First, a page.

An artist's rendering of the new Casino Miami Jai-Alai. (We'll have live photos later today.)

This was the provided artist's rendering of the what the Casino Miami Jai-Alai was to look like. But the actual visual is that from the external it looks pretty much the same, other than a new coat of paint. (Rendering/Courtesy of Casino Miami Jai-Alai)

 The $87 million expansion to Miami Jai-Alai is complete, and the grand opening is today.

  It will be called Casino Miami Jai-Alai and include 1,050 slot machines with all the games everyone else has, including penny slots, an expanded poker room, dominoes and live shows. 

 According to a news release, the 5 p.m. opening will include: William B. Collett Sr., Chairman, Florida Gaming Corporation; William Bennett Collett Jr., CEO, Florida Gaming Corporation; Daniel J. Licciardi, Executive Vice President & COO for Florida Gaming Corporation; James Ahearn, Dave Jonas and Rene Guim, Equity Partners, Miami Casino Management; Eduardo Rodriguez, President, Florida Lemark Corporation, General Contractor. City officials and community leaders.

   For those of you on Mapquest, Casino Miami Jai-Alai is at 3500 NW 37th Ave.,  Miami. It's near the airport. Their web right now is still being launched: it's at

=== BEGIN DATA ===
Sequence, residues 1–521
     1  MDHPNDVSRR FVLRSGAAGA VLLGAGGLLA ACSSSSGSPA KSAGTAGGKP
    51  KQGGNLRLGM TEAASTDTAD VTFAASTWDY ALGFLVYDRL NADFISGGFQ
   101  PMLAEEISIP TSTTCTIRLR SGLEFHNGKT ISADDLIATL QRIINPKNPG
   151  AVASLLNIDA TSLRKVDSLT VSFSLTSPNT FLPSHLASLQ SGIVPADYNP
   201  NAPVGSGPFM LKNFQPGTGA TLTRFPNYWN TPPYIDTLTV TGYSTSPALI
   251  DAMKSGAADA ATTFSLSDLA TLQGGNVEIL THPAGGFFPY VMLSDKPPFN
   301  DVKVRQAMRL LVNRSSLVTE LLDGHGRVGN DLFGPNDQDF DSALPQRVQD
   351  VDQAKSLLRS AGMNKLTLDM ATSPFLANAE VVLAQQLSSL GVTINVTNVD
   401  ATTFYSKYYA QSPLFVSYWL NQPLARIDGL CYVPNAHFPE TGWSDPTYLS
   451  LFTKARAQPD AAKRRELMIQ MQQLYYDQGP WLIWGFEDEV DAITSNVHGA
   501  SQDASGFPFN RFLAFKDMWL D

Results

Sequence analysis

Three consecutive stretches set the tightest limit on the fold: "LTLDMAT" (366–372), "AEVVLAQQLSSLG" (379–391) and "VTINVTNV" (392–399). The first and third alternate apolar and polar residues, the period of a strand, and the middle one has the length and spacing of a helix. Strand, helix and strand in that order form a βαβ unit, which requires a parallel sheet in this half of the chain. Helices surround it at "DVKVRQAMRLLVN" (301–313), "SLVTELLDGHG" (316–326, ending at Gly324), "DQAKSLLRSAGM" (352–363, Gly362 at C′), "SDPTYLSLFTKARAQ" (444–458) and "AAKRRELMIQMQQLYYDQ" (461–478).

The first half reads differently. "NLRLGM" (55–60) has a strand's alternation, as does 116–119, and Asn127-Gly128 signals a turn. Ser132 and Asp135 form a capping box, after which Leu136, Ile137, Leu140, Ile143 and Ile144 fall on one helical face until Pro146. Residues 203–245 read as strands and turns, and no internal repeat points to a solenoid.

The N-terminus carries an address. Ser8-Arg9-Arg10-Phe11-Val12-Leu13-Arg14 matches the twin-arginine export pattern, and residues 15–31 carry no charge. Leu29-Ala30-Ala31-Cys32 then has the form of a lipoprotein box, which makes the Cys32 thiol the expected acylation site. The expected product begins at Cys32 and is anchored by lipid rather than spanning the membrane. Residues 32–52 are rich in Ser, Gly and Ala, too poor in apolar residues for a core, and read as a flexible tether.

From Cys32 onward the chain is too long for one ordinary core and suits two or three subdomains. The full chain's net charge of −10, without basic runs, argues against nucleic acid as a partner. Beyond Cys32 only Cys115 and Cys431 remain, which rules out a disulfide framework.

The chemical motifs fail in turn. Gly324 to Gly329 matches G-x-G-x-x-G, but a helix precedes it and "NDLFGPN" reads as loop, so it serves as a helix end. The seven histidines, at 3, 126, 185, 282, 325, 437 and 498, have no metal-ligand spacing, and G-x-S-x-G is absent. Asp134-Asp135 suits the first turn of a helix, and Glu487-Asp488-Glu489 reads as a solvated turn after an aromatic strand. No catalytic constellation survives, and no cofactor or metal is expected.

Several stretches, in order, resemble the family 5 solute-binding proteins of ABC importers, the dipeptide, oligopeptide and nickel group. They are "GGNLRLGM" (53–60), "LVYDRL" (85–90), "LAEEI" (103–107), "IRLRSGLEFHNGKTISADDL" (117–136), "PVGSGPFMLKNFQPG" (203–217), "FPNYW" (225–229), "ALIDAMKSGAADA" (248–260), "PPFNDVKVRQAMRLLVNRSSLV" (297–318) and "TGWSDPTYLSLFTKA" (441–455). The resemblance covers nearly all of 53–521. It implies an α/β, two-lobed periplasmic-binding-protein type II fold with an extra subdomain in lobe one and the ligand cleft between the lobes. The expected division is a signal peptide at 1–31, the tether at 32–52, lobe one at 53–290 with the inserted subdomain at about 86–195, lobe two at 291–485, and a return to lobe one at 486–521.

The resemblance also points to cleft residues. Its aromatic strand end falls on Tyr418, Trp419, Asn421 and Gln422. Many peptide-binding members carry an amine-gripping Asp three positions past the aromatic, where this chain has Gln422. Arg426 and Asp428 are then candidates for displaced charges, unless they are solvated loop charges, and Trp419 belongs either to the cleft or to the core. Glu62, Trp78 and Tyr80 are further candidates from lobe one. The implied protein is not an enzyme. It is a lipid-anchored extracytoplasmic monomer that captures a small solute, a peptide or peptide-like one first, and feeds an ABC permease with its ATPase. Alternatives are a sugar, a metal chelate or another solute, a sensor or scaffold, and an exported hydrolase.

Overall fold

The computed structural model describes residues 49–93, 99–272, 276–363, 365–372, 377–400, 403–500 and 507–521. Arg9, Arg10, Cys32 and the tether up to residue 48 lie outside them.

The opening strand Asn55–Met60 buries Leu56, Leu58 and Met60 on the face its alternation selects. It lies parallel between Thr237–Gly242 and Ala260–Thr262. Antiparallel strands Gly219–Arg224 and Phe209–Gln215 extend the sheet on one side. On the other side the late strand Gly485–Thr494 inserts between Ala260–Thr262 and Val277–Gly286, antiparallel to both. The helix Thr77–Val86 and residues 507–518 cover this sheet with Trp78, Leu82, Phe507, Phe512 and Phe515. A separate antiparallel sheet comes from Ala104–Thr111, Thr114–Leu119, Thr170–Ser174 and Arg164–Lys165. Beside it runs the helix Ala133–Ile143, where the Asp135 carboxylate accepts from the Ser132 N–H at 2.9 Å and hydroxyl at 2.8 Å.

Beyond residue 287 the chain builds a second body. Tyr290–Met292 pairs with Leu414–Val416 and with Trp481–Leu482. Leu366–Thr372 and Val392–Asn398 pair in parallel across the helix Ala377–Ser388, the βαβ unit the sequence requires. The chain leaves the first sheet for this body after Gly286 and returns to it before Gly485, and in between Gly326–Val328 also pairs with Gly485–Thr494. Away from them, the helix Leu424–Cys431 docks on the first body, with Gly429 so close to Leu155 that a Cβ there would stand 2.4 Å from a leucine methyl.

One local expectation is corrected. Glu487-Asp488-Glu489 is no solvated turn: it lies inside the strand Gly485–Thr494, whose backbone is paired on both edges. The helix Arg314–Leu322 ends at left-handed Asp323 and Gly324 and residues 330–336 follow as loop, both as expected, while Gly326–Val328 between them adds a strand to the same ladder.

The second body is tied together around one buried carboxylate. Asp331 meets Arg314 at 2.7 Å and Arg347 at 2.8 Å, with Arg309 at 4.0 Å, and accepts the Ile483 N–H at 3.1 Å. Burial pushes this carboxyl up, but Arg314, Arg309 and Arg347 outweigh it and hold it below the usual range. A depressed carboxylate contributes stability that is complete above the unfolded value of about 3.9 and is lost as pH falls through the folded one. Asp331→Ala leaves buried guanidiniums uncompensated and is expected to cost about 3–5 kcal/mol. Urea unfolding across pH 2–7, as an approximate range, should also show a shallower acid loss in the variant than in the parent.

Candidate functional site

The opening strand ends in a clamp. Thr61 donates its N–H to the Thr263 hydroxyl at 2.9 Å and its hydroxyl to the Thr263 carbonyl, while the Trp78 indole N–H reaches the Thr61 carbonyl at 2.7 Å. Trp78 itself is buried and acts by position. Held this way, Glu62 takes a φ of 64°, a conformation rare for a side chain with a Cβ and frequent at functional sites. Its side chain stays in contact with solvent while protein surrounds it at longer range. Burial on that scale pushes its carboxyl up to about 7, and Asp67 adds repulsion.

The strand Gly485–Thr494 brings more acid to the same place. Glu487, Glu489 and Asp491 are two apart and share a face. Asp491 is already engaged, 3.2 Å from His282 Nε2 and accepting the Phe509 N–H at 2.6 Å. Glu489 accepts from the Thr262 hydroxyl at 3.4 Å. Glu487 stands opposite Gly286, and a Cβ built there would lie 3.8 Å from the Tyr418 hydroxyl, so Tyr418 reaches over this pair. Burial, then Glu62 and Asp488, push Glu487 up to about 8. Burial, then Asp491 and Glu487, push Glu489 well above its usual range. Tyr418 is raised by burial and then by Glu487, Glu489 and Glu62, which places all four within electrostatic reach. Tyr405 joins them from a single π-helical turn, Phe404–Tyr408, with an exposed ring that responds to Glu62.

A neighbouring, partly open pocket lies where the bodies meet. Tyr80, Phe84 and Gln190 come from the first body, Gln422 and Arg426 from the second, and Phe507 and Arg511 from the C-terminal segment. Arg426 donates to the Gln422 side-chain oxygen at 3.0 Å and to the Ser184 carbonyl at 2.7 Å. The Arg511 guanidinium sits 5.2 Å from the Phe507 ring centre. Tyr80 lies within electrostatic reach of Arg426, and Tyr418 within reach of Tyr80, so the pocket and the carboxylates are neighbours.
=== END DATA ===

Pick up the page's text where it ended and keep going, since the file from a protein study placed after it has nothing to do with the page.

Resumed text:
Officials say the new casino brings 350 jobs to the area, and was privately funded. The casino actually had a very quiet open Monday night, shortly after clearing the required state inspections (which is rigorous).

 The casino opening is one of three that Miam-Dade voters approved in a 2008 slot referendum. The two others, Calder Casino & Race Course, and Magic City Casino (Flagler Dog Track) have already opened. The vote came way back when destination casinos were only a twinkle in some people's eye -- and was a followup to Broward's vote that brought slots to the Isle in Pompano Beach, Gulfstream Park in Hallandale Beach and Mardi Gras in Hallandale Beach. (Dania Jai-Alai also is eligible to add slots, but hasn't yet.) All pari-mutuel casinos are smoke-free, as required by the Florida Clean Indoor Air Act. (The casinos operated by the Seminole Tribe of Florida allow smoking, although some have non-smoking areas.)

  I'll have an update online later today. Just asking, as a Broward guy who is now been through his share of casino openings and upgrades: What elements of this story do you want to read about (email me at